Indigo. Indigo is a dye traditionally made from the indigo family of plants and is of ancient origin. Today it is seen most often as the blue colour of blue jeans. This colour type differs from the pure blues of cornflower, peacock, velvet and royal in that it is both deep in tone but slightly lower in saturation. Indigo sapphires are found in many places, particularly deposits derived from basalts. This includes Thailand, Madagascar, Australia, China and Nigeria, to name but a few.
Twilight. Resembling the deep blue colour of the sky a few minutes after sunset, twilight blue sapphires come from mainly basaltic sources, including Australia, Thailand, Cambodia, Nigeria, China and Vietnam.
The dividing line between pink sapphire and ruby has long been a point of dispute.
Pigeon's Blood. This colour type first appeared in English in 1839. It is said to be either of Chinese or Indian origin, but all agree that it is traditionally the term used to describe the finest colours of ruby. The vast majority of Mogok rubies tend towards purple. It is quite rare to have a stone that is a straight red. This is a glowing colour, not unlike that of a red traffic light. The pigeon's blood colour is not unique to Mogok; stones of this colour are also found at Mong Hsu (Burma), Vietnam, Mozambique, Tanzania and other localities.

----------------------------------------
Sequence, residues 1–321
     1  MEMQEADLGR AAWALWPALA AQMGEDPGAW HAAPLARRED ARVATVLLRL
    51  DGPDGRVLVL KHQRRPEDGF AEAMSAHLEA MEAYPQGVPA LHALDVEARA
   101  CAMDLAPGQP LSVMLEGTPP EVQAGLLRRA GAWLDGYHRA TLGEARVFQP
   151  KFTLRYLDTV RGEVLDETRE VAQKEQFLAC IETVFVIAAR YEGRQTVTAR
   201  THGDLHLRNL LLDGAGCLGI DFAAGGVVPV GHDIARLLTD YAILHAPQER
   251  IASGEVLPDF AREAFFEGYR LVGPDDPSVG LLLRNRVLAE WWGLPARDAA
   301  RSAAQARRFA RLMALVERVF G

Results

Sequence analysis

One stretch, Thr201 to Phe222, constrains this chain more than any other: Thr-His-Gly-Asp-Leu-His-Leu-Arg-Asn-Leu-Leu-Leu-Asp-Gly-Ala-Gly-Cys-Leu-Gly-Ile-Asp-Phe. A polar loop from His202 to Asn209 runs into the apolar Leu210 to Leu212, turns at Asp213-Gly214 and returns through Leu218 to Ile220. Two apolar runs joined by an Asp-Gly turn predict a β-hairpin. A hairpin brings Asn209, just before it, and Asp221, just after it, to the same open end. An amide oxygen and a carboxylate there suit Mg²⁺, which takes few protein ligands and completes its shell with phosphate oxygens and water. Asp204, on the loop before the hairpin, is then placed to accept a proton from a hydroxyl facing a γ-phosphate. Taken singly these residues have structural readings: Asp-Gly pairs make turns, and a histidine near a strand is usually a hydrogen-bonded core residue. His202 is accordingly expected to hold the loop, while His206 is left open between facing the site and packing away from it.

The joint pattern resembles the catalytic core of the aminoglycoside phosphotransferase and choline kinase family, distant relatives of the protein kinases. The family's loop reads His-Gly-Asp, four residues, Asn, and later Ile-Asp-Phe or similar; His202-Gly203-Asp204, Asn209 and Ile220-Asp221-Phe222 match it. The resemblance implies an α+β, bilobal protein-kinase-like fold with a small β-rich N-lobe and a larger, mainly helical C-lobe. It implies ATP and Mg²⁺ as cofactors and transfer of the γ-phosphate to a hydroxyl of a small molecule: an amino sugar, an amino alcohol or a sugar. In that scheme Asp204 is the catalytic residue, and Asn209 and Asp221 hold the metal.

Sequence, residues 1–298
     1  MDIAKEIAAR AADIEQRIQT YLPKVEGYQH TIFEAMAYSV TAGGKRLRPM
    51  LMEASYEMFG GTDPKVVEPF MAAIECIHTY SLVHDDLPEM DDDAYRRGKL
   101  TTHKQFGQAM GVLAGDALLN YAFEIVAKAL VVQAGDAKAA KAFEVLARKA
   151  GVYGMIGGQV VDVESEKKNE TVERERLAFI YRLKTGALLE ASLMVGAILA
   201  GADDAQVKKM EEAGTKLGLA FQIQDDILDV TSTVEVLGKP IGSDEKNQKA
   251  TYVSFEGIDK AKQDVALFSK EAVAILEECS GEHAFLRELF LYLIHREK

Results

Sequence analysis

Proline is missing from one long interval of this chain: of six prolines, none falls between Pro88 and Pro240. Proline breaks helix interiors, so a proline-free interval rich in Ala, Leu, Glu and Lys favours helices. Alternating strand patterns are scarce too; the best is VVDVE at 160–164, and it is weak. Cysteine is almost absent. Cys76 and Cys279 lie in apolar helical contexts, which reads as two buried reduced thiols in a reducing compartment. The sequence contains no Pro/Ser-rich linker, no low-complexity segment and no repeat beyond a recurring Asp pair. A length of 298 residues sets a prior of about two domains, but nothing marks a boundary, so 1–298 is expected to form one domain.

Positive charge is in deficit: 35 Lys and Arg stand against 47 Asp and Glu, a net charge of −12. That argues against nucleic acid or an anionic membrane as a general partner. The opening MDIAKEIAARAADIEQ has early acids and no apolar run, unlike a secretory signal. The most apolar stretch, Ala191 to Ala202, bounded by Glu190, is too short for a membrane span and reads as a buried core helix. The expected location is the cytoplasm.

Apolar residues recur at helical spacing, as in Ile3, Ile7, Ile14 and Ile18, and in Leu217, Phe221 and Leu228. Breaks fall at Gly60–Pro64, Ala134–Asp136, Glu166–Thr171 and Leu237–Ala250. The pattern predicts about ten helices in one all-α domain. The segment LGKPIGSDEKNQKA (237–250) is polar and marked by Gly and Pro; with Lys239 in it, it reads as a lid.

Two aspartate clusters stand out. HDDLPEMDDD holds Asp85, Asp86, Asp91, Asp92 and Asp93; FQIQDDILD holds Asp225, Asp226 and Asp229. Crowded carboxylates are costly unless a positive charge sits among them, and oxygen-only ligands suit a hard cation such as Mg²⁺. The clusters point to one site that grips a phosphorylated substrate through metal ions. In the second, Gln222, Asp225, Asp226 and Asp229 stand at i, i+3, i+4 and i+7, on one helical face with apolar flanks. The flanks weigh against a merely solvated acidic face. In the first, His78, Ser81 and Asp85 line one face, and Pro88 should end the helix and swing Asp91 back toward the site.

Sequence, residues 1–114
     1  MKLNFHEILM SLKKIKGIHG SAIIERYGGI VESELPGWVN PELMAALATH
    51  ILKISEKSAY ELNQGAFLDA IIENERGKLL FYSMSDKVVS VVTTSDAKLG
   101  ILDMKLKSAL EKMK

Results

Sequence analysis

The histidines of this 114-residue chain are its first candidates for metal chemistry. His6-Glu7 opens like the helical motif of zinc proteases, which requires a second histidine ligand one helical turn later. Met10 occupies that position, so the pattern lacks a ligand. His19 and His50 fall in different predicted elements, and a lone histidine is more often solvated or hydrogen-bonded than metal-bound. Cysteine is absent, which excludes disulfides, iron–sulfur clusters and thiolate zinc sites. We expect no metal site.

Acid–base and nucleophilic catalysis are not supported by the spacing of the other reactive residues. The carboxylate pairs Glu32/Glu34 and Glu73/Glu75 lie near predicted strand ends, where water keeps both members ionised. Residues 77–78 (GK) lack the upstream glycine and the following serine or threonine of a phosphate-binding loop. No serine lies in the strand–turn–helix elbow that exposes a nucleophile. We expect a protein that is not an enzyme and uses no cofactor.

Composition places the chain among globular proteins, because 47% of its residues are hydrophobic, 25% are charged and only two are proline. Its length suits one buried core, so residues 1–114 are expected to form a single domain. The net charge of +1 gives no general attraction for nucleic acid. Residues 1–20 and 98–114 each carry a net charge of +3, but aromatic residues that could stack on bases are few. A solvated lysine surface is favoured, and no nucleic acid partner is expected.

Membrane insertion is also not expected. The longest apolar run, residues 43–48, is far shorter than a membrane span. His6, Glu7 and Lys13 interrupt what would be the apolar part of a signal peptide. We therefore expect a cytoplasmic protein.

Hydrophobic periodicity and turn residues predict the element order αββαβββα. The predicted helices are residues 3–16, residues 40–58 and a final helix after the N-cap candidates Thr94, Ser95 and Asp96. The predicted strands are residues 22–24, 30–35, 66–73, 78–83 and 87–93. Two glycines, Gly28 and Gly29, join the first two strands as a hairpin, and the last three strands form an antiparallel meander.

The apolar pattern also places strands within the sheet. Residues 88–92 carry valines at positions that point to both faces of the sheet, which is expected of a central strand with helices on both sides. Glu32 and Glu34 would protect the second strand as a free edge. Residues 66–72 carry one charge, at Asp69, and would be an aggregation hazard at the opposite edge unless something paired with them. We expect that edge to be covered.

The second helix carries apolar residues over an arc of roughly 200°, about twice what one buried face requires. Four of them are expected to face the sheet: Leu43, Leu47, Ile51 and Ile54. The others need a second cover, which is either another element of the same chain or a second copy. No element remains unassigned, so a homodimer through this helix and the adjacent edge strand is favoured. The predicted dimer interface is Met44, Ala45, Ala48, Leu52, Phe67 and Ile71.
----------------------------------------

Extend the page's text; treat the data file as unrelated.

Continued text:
Royal Red. A shade darker than pigeon's blood, this colour in Burma was traditionally called "rabbit's blood." These rubies tend to have a bit more iron than those of the pigeon's blood type. This cuts the fluorescence and blue transmission, making the stone a darker, pure red. Royal red rubies typically come from Mozambique, Thailand/Cambodia, Kenya and Madagascar.
Pink & Purple Sapphires
Pink sapphires range from light red (pink) to light purple with weak to intense colour saturation which fall out of the colour ranges for ruby or purple sapphire. Purple sapphires always have purple as the dominant colour. They range from medium to dark reddish purple to violetish purple with weak to vivid colour saturation. The major fancy sapphire colour categories are padparadscha, pink and purple, orange and yellow, green, and colourless and black. Each category has its own colour range, causes of colour, and market.
Lilac. Taking their name from the lilac flower, these sapphires feature a colour that varies from pastel lavender through rich violets. Lilac sapphires come to us mainly from Sri Lanka, Burma, Tanzania and Madagascar.
Hot Pink. Depending on one's opinion, this colour can fall into the pink sapphire or ruby category. What makes hot pink "hot" is the fact that these gems transmit more of the blue to violet wavelengths. This is due to a relatively low iron content relative to chromium. The result is a bit more bluish red and lots of fluorescence in the red. Gems displaying this colour typically come from low iron deposits. Virtually all of the Himalayan deposits (Tajikistan, Afghanistan, Pakistan, Nepal, Burma, Vietnam, Yunnan (China) can produce this color, as can some in East Africa (Mozambique, Tanzania).